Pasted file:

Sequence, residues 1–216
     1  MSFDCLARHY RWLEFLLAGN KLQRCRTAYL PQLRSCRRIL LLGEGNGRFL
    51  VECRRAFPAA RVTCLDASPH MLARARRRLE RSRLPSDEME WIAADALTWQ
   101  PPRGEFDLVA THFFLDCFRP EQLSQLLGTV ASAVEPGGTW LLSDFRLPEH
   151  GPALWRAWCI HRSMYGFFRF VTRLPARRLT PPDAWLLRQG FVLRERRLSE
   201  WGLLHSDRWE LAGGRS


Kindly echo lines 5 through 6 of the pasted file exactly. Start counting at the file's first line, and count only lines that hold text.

   151  GPALWRAWCI HRSMYGFFRF VTRLPARRLT PPDAWLLRQG FVLRERRLSE
   201  WGLLHSDRWE LAGGRS